Wildfires–how you can help


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The Rim Fire is visible from space–this photo is from a NASA satellite

Google Map image shows the extent of the threat

A man watches the massive fire that threatens thousands of homes in California

Dear Friends, 

We’ve all seen the news stories of the wildfires that have been raging for weeks in California, but it is hard to image the wide swath of impact this fire is having on man and nature.  As of this morning, the Rim Fire is the seventh largest recorded fire in California history and has devastated 92,000 acres of land, including tens of thousands in Yosemite National Park.  Nearly 4,000 firefighters are putting their lives at risk to attack the flames, in addition to park forestry workers who are clearning brush and aiming sprinklers at the landmark giant Sequoia trees, which are also threatened by the blaze.  The fire has destroyed 31 residences and 80 outbuildings as well as a number of vehicles.  Ash from the fire is dropping into the Hetch Hetchy Reservoir, a potential danger to the water supply of 2.6 million San Franciscans a
full 120 miles away.

In addition to the great risk to life and property, this firestorm has threatened the livelihood of many in the community who depend on tourism in Yosemite Park and have lost nearly a month of the tourist season.  There will be much need in these communities in ther days, weeks and months ahead, and Episcopal parishes are already at work to help their neighbors.  Knowing that Episcopal Relief & Development will be there to provide the resources these communities need to recover from the Rim Fire, we can offer financial support to the work of Episcopal Relief & Development so they are ready to live out their mission to help heal a hurting world.  We can also join with our sisters and brothers of the Episcopal churches in these areas in praying for the safety of those who are in the path of this fire, those who fight it, and those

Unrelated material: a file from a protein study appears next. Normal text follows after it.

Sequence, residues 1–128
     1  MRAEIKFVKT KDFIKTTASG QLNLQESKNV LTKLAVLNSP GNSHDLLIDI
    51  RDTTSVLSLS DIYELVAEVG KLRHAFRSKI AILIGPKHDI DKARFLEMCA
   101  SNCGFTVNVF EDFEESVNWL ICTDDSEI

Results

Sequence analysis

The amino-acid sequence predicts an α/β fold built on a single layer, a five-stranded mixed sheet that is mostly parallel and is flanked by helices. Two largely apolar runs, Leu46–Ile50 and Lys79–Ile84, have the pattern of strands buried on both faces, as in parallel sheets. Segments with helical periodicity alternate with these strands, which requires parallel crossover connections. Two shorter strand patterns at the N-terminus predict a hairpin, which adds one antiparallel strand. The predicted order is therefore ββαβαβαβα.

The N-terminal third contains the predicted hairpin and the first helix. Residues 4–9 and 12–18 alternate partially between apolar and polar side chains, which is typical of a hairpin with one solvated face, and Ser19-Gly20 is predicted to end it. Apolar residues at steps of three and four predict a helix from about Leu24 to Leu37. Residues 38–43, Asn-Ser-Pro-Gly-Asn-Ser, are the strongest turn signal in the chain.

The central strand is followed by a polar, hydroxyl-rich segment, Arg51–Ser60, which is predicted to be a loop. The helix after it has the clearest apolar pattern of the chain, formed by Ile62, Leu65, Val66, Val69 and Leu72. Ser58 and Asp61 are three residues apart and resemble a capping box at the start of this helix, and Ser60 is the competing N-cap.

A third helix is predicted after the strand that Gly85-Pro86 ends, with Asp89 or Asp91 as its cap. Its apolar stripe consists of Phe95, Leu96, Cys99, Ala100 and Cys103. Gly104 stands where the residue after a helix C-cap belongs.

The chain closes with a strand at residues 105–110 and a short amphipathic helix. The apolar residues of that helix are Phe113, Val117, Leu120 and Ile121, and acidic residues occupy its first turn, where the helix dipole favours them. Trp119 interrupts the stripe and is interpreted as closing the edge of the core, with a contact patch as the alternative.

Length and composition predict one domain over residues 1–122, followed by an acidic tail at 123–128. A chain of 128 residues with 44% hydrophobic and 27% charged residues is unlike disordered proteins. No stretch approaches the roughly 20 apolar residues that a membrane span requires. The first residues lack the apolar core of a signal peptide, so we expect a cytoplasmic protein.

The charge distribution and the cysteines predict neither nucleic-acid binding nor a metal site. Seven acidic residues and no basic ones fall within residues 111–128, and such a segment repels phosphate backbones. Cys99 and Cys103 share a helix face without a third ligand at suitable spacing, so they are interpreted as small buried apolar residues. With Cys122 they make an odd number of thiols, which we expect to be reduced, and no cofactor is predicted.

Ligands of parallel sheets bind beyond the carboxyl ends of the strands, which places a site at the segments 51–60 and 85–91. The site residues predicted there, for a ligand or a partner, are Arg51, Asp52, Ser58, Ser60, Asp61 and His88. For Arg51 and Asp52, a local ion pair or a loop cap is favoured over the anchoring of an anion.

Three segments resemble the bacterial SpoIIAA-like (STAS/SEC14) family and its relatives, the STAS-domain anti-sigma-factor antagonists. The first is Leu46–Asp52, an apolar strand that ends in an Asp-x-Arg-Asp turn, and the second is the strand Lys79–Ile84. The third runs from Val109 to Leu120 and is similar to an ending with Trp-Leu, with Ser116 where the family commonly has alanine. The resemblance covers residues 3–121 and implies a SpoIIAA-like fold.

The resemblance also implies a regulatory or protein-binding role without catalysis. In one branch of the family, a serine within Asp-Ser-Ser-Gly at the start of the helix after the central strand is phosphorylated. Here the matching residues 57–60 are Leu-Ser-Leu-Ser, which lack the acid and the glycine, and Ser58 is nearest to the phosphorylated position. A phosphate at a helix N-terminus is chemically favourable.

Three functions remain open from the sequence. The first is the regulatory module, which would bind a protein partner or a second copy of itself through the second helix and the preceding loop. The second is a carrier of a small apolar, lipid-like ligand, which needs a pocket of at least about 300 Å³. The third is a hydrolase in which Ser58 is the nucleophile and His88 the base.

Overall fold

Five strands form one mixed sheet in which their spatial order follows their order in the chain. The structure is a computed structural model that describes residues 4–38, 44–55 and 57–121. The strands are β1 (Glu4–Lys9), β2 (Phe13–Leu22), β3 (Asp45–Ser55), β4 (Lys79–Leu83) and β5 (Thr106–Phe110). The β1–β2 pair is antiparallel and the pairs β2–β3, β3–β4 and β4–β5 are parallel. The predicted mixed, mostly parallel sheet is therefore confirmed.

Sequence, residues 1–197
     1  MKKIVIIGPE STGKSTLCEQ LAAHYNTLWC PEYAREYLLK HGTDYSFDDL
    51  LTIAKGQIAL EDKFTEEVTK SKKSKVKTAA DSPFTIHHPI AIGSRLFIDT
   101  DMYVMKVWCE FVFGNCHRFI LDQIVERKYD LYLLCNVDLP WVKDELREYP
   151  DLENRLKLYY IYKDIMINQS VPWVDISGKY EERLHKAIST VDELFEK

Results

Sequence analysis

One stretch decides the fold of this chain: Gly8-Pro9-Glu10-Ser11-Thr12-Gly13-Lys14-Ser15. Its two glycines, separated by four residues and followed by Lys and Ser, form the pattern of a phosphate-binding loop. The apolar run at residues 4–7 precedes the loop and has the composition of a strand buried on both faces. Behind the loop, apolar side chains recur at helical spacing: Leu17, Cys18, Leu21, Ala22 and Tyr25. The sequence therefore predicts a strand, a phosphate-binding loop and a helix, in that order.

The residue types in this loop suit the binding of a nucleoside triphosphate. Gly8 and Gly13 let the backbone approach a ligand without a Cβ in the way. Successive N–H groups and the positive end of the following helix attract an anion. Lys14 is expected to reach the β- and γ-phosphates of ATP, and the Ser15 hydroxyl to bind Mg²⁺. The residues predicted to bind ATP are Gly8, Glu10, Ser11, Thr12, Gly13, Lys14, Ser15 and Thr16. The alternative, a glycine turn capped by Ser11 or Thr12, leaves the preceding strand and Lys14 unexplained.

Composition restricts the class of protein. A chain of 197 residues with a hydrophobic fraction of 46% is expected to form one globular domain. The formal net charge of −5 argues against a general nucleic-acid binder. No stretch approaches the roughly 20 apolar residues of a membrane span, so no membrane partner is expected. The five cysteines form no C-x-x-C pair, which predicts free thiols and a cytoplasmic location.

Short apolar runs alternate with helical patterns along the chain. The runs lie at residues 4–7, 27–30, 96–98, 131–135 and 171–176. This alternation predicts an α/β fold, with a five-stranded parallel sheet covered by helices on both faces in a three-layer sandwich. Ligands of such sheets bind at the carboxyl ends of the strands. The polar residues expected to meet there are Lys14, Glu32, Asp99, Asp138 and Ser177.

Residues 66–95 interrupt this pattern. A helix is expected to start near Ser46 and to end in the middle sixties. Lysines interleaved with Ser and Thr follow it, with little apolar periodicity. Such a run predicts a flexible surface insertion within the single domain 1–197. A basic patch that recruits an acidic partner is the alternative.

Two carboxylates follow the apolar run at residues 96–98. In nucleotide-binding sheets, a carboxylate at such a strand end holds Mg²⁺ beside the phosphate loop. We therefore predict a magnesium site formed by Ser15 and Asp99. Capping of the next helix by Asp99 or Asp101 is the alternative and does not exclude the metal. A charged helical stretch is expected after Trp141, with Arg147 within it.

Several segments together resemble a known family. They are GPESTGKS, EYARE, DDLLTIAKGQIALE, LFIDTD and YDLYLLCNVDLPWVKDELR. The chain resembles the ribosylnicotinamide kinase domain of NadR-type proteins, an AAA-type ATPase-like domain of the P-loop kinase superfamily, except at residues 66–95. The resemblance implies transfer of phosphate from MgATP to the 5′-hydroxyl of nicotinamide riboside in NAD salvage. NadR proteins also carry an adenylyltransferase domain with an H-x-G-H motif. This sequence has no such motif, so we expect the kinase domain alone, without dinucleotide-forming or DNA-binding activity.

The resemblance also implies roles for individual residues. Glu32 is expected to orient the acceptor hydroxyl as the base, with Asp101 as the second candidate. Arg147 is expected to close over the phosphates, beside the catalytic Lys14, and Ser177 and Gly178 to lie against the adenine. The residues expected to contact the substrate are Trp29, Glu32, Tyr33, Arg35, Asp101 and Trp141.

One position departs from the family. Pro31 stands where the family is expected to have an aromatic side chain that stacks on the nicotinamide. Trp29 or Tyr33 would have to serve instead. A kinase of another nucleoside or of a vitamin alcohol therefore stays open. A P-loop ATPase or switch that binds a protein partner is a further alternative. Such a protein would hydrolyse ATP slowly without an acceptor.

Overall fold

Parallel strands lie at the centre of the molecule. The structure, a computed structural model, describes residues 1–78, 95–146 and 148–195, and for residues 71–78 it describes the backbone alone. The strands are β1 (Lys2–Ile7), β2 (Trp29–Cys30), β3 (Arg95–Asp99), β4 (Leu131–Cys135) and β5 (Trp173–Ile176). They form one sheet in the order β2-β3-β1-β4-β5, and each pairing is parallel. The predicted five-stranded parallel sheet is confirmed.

who are suffering financial difficulties because of the blaze.  

And we can remember that no matter where we are, natural disasters can threaten at a moment’s notice, and we can be prepared to help when it is our communities that are threatened. Thank you for supporting the efforts of Episcopal Relief & Development to help in times of trouble, and thank you for all you do to prepare your parish to be your communities Shield in the midst of life’s storms.


Fr. John Major
Interim Diocesan Representative to
Episcopal Relief & Development

A Shield….
in the midst of life’s storms  

Prayer of the Diocese of Bethlehem
Disaster Relief & Community Resiliency Committee

God of love and hope, you have called us to serve you in ministering to those affected by
the storms and trials of this world.  Grant us courage to persevere through the challenges
of this task, grace to bring your healing and hope to the suffering and afflicted, and sincere
and faithful hearts to share the good news that you are always near.  Grant this through your
Son, Jesus Christ, who calms the wind, stills the waves, and brings peace in the midst of storms.
Diocesan Disaster and Community Resiliency Committee

Canon Andrew Gerns            Canon Charles Cesaretti           Rev. Charles Warwick         Rev. Timothy Alleman
Rev. Jane Williams       Rev. Eddie Lopez        Rev. John Major        Janine Ungvarsky
Rt. Rev. Paul V. Marshall, Convener



This email was sent by Diobeth Episcopal Relief and Development at St. George’s Regional Disaster Recovery & Outreach Center.408 East Main Street  |  Nanticoke, PA 18634  |  570-335-7875www.episcopalreliefnepa.orgUnsubscribe immediately with SureRemove
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